A Bit of History
This cheese has its history hidden in the mist of time. Homer wrote about a similar cheese in the Odyssey as he describes the cheese being made by Cyclops from ewes milk. Since then similar cheese process has spread to the North and East of Greece and finally to western Europe and the North American continent.
The name 'Feta' appears to be of Italian origin (Fetta) and simply means slice, probably referring to the way the cheese mass was sliced and place in barrels to mature. The use of this name appears to be somewhat recent , only being used since the 17th century.
The cheese was traditionally made by the farmers in the mountains, primarily with ewes milk but also a portion of goats milk was added due to the tendency to have mixed herds in the rough terrain. The process has always been a rather simple one of using fresh milk, coagulating with rennet, draining the curds, and preserving the cheese with a combo of heavy salt and a light brine for aging. Before refrigeration this was the only way to keep cheese in warm climates.
Today this cheese is primarily made in large cheese houses with the milk being brought down to the valley from the high pastures. Occasionally however, it can still be found being made in those mountain pastures from a mix of sheep and goat milk.
Today the cheese is also made from cows milk as well as the traditional ewe/goat milk combination but since July 2002 only the traditional Greek cheese can be actually marketed as 'Feta' produced only in specified regions of Greece.
Variations in Style
Essentially the white brined style of cheese can be described as a simple white cheese heavily salted and stored in a light brine for maturation.
However, since it has migrated over a period of 2000 years or more, it has evolved into its various forms in different parts of the world. It has moved north from Greece into Bulgaria and other eastern European regions as well as east through Turkey, Iraq, and into Iran where it is called Lightvan cheese.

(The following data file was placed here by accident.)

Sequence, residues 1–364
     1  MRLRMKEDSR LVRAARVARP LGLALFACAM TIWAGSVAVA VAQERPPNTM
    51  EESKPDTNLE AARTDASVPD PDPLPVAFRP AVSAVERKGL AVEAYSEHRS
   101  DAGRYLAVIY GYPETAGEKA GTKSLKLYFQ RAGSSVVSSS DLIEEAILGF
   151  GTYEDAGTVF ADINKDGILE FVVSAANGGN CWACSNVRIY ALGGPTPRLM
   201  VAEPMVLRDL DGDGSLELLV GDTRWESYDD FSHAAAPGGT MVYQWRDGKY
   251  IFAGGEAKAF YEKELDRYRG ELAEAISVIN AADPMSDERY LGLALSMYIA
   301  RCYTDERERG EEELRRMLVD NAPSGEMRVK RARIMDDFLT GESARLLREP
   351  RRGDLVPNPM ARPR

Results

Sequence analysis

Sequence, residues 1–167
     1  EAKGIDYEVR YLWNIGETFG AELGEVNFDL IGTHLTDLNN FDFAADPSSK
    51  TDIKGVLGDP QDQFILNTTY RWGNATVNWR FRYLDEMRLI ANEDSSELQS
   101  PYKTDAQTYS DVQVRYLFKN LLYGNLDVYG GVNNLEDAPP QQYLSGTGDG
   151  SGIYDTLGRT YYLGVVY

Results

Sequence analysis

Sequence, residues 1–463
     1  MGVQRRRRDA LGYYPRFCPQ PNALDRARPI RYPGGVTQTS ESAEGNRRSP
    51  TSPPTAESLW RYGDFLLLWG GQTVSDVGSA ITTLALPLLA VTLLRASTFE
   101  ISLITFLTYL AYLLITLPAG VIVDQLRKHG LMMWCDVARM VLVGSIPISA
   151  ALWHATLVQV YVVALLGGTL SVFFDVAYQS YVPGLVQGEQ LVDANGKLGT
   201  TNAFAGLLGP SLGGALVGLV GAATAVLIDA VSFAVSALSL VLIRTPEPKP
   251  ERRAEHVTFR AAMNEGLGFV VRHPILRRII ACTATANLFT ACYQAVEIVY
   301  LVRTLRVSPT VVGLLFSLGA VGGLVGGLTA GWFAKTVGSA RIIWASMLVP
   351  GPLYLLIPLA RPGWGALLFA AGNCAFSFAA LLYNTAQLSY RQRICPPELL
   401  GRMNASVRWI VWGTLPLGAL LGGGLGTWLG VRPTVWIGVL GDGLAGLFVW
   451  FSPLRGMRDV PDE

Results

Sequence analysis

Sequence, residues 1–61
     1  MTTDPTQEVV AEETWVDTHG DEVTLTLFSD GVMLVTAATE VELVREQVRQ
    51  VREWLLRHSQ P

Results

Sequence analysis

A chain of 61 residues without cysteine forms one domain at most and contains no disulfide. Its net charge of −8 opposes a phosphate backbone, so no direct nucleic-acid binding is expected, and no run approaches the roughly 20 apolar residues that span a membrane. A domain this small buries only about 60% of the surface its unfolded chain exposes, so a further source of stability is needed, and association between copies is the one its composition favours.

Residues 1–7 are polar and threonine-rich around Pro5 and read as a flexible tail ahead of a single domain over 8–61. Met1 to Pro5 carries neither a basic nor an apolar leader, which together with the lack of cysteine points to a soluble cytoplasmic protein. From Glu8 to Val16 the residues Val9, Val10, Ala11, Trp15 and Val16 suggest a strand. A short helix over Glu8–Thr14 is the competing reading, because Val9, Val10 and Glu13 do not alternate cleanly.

Here I will compare 2 of the better known styles:
- The classic Greek Feta Cheese which can only be called this if made in Greece in specified areas defined by the EU.
This cheese is normally of a very firm structure in which high acid has developed before storing the cheese in a light brine. The cheese must be made from sheep milk with a maximum of 30% goat milk optionally added. The cheese tends to develop a strong flavor (piquant) from natural lipase additions and becomes very brittle and crumbly on aging.
- Bulgarian 'White Brined Cheese' or 'Sirene' as it is called in Bulgaria, tends to not develop as much acid during its production and hence leaves a more elastic texture. This also tends to make the cheese more smooth and creamy since it also holds more moisture due to a much less aggressive draining than the Greek cheese.
This cheese tends not to crumble like the Greek style but needs to be cut into cubes or slices. When ripened for a few weeks it becomes quite spreadable, almost like a young Camembert.
As mentioned earlier the cheeses can also be made entirely of cows milk and the name associated with this is 'Telemes' (I have no idea where this comes from).
The cows milk tends to be less white than the ewe/goat milk combo and the flavor not as strong as the traditional cheese and when following the Bulgarian style guidelines below, it produces a wonderful creamy cheese. In most of western Europe and North America the large scale production is from cows milk. Cows milk will be my focus for this cheese making session, mainly because I like the milder creamy flavor and most of my cheese loving fans feel the same. Besides, the Jersey milk I have access to does such a wonderful job with this cheese.